It was a glimpse of things to come for Angels fans: Brian Fuentes, facing lefty-swinging Eric Chavez with two on and one out, and down goes Chavez swinging. When another southpaw swinger, Jack Cust, flied to left, Fuentes was out of a jam he’d created for himself with a pair of one-out singles.
Fuentes is the closer, but we can expect to see him in eighth-inning situations occasionally such as this along the way: two on, tough lefty bats coming up. He sees himself as a closer who doesn’t mind coming in for an out now and then in the eighth — as long as he gets to finish. Fuentes gives Mike Scioscia a feared southpaw specialist. As good as Darren Oliver has been, that’s not who he is. Oliver is just as effective against right-handed hitters as lefties, and he’s a guy you want in games for at least an inning.
The Angels’ bullpen will have a different look this season with what Fuentes provides. Scioscia won’t hesitate to let Scot Shields or Jose Arredondo close games if necessary on occasion –the former domain of K-Rod and K-Rod only.
Two essential components in the back end of the Angels’ bullpen appear to be in mid-season form.
Scot Shields and Jose Arredondo make quick work of the White Sox on Wednesday after starter Matt Palmer was touched up for two runs on five hits in two innings.
Shields struck out Jim Thome during a 1-2-3 third inning, and Arredondo fanned Ben Broussard and Chris Getz in the fourth, getting a fine play in the hole by shortstop Hainley Statia to give him a perfect inning.
Brian Fuentes was given permission to return home to Merced. He will make his Angels debut when he returns. Fuentes and Shields are on Team USA’s World Baseball Classic roster, while Arredondo will represent the Dominican Republic.
Rich Thompson, headed to the Classic to pitch for Australia, continued the run of outs by Angels relievers when he set down the White Sox in order in the fifth.
Few, if any, Angels players are as popular with teammates as Maicer Izturis, who might just be the nicest guy on our planet. He’s always in a good mood, always smiling, always optimistic. Even a few days after the surgery to repair a thumb fracture that ended his season prematurely last August, Izzy was upbeat, quietly talking about the possibility of returning for the postseason — and he almost made it.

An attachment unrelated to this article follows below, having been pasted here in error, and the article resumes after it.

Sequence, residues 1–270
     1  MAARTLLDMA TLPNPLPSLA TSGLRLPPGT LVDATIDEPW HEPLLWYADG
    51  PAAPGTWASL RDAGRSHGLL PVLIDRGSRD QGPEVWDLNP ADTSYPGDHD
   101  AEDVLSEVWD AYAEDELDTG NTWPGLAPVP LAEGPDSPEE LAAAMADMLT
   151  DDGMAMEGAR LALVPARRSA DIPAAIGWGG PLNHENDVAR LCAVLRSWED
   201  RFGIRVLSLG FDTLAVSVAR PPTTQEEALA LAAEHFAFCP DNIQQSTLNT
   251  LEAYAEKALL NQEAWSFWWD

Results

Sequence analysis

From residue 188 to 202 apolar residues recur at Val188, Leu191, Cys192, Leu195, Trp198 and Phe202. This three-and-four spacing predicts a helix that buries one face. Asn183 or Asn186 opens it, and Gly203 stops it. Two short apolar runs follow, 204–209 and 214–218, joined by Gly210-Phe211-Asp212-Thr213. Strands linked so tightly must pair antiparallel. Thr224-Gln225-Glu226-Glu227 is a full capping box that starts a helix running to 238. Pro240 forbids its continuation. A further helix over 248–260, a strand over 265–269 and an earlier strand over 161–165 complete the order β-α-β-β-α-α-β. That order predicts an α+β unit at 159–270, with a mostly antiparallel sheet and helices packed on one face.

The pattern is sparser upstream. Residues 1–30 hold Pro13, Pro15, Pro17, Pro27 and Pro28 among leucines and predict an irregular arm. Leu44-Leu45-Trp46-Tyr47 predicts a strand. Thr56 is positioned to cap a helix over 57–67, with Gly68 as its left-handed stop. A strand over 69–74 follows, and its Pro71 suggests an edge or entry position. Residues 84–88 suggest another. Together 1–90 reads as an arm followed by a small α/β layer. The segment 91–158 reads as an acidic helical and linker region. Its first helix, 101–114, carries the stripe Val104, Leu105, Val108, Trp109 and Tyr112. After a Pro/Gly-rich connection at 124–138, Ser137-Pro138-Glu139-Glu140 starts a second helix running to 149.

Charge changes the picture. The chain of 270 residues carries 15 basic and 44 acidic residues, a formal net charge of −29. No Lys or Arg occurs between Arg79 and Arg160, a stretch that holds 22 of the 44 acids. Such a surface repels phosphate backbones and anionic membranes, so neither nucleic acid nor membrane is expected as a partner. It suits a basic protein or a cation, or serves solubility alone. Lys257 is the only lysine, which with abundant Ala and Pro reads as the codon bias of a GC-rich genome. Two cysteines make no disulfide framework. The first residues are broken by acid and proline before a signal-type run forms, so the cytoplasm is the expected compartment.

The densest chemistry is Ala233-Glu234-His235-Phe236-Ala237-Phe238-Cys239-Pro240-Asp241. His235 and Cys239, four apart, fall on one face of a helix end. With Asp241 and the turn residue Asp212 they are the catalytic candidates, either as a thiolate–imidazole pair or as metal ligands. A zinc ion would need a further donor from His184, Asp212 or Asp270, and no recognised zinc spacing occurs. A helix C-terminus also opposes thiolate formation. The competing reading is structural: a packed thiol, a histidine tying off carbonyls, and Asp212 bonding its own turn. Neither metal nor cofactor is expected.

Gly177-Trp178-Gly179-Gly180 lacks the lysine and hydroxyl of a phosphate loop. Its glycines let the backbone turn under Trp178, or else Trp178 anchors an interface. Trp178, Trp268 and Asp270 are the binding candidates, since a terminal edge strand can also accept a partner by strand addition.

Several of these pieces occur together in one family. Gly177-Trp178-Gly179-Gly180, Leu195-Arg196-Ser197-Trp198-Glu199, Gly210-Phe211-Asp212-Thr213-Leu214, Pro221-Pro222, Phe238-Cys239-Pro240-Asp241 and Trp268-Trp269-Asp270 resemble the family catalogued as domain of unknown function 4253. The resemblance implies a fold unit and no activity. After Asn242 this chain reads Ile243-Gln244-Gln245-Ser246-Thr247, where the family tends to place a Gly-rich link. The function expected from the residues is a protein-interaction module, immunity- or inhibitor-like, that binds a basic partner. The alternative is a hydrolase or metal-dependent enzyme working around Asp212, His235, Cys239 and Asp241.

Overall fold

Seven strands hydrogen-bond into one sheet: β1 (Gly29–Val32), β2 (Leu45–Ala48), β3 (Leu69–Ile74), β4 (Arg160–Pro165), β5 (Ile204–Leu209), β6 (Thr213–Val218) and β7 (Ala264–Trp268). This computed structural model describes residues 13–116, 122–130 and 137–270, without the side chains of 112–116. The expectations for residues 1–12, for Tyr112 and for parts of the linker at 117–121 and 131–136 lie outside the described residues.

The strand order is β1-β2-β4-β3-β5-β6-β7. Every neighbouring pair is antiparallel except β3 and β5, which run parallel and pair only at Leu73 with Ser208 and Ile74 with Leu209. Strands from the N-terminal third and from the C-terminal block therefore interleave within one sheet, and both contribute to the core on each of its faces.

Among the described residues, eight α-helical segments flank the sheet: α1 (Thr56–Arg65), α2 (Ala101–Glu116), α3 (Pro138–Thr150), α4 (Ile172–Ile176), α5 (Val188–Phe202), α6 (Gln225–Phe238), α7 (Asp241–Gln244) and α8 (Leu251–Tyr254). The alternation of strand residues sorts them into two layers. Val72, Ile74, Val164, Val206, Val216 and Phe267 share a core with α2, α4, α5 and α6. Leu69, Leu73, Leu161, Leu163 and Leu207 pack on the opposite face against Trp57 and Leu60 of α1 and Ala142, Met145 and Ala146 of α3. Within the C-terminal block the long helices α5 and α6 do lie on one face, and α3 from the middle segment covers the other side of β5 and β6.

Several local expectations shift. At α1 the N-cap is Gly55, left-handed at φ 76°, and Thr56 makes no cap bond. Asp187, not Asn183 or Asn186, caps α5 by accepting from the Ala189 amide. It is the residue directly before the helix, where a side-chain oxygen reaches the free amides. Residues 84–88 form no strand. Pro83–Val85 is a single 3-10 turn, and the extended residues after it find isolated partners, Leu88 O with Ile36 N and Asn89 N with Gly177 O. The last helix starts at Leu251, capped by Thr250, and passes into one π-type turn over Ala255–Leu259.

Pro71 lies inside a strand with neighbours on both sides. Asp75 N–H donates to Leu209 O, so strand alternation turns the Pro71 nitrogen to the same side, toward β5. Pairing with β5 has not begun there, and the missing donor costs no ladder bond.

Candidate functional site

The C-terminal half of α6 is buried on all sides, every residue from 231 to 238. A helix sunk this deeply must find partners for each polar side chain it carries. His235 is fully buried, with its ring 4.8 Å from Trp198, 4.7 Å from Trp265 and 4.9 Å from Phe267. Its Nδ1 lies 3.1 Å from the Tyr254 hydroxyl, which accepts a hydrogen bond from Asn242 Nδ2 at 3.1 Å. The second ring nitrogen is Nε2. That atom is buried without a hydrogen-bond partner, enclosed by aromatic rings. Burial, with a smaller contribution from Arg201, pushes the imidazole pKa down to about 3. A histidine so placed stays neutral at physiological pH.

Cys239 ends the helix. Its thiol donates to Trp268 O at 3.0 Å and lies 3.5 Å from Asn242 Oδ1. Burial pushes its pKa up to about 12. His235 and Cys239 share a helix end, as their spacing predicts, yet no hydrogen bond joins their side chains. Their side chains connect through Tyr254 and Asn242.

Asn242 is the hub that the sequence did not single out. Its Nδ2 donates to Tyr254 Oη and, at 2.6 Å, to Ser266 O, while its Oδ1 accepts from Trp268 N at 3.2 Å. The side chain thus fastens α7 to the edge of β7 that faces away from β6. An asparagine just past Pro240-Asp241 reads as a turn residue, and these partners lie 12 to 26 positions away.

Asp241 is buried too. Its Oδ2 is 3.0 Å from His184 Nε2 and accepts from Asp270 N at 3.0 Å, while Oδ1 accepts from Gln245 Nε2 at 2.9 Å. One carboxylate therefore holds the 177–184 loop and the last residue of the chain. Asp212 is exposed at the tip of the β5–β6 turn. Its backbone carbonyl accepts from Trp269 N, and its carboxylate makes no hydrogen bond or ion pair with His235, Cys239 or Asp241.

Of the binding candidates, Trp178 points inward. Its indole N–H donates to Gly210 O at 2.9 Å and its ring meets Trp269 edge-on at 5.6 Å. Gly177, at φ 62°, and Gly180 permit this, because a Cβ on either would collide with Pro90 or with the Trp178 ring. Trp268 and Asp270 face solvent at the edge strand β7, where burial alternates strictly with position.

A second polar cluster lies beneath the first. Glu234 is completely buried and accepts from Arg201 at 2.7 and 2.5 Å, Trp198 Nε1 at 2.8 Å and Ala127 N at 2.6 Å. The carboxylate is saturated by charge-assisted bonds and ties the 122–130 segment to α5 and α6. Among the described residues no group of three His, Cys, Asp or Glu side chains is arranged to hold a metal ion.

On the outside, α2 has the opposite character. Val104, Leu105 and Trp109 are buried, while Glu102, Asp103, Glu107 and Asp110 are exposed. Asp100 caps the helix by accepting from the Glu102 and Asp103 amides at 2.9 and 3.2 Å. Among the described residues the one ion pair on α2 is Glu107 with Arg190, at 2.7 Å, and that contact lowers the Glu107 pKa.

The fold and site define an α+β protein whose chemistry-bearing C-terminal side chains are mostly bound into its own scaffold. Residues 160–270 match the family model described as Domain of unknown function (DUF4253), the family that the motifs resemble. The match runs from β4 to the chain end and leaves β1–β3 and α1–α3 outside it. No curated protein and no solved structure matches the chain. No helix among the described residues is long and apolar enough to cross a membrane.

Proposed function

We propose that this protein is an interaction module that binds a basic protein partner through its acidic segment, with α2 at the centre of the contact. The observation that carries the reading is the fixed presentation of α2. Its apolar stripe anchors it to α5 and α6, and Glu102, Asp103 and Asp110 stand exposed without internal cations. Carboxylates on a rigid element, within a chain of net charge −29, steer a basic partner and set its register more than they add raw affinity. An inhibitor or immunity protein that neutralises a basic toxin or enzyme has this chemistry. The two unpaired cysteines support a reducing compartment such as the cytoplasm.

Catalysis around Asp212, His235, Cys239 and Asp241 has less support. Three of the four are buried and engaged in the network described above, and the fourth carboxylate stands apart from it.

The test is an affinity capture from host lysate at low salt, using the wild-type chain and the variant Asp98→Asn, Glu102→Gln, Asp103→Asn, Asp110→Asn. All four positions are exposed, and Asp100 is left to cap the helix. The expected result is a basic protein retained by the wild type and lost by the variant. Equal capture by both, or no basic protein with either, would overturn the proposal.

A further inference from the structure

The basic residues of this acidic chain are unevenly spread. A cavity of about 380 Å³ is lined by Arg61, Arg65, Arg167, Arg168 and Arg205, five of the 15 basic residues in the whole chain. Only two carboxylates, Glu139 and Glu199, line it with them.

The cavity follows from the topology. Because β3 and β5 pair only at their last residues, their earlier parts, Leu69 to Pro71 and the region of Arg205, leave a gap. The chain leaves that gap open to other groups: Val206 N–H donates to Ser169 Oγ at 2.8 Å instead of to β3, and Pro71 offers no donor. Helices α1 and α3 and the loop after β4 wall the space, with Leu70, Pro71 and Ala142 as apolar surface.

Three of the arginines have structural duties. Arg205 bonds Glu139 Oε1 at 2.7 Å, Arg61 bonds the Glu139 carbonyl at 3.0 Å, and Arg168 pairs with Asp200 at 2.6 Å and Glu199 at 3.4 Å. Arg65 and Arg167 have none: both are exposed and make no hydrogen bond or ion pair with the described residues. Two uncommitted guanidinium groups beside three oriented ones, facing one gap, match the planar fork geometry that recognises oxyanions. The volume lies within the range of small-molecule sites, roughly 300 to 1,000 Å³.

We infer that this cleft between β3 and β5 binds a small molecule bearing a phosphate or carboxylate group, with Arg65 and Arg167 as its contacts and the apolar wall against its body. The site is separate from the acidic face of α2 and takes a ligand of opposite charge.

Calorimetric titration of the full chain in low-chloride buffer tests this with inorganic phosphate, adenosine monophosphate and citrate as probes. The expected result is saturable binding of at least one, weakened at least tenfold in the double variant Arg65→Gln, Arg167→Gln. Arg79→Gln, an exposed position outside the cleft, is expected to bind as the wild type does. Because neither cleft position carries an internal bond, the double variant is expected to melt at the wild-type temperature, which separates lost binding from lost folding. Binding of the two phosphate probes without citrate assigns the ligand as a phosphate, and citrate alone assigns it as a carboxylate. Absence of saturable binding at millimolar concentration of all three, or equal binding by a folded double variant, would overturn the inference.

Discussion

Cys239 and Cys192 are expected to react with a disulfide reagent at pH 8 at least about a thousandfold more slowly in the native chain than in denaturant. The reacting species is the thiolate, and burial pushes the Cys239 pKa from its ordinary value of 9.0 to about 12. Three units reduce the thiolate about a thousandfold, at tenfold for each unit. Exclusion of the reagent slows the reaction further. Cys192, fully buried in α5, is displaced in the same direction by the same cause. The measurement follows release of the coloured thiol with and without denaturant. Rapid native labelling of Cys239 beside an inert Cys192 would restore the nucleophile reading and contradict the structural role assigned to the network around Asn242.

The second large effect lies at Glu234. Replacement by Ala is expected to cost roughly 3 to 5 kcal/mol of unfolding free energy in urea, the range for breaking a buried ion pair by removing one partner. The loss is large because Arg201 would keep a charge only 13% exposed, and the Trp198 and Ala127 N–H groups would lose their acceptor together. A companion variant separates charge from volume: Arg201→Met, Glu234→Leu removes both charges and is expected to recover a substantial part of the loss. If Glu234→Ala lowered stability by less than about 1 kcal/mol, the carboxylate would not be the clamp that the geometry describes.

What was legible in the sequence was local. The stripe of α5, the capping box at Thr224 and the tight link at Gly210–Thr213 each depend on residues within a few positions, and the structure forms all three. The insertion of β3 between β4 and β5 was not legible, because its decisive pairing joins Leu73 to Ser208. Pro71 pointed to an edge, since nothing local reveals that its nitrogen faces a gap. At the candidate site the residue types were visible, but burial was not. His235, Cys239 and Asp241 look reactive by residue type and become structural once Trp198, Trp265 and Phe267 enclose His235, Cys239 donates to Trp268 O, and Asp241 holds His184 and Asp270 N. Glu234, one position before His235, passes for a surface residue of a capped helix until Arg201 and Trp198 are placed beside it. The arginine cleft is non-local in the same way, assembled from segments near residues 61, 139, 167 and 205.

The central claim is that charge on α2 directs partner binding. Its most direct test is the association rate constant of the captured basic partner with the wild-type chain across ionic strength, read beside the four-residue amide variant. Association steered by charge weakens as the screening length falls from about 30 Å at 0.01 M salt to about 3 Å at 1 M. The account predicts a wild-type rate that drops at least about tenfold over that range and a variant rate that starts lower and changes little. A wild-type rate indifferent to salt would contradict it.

Izzy was in the middle of an early-morning conversation on Saturday with Chone Figgins, Howie Kendrick and Erick Aybar. It was the familiar, good-natured kind of dialogue that passes the time before the players hit the field.
“Look,” Kendrick said, pointing to the nameplate above Izturis’ locker with the No. 13. “Maicer has a new number this year.”
Izturis, ever so softly, mentioned that it holds no superstition for him, that he’s worn No. 13 in the past. He was No. 6 last year. That number has gone to Hainley Statia, who is among a half-dozen quality shortstops in camp. Bobby Abreu will adorn No. 53, with Brian Fuentes taking No. 40, Troy Percival’s old number.
When a visitor mentioned to Izturis that No. 13 has worked out all right for Alex Rodriguez, Figgins shook his head. “No A-Rod talk here,” he said, grinning.
Kendrick mentioned that Izturis packs some wallop for a little guy standing 5-foot-8, recalling how Izzy had homered in consecutive games as the club’s leadoff man last season.
“That won’t happen this year,” Figgins said, having established as his early goal a full 162-game season.
Izturis is sound physically and looking forward to competing with good buddy Aybar for the shortstop job again after they shared it in 2008, with Brandon Wood getting some time there with both players out in September.
Garret Anderson remains a popular topic of clubhouse conversation, players speculating where their former teammate will land. The consensus is that he’ll be a steal for somebody, that he has a lot of life left in his bat.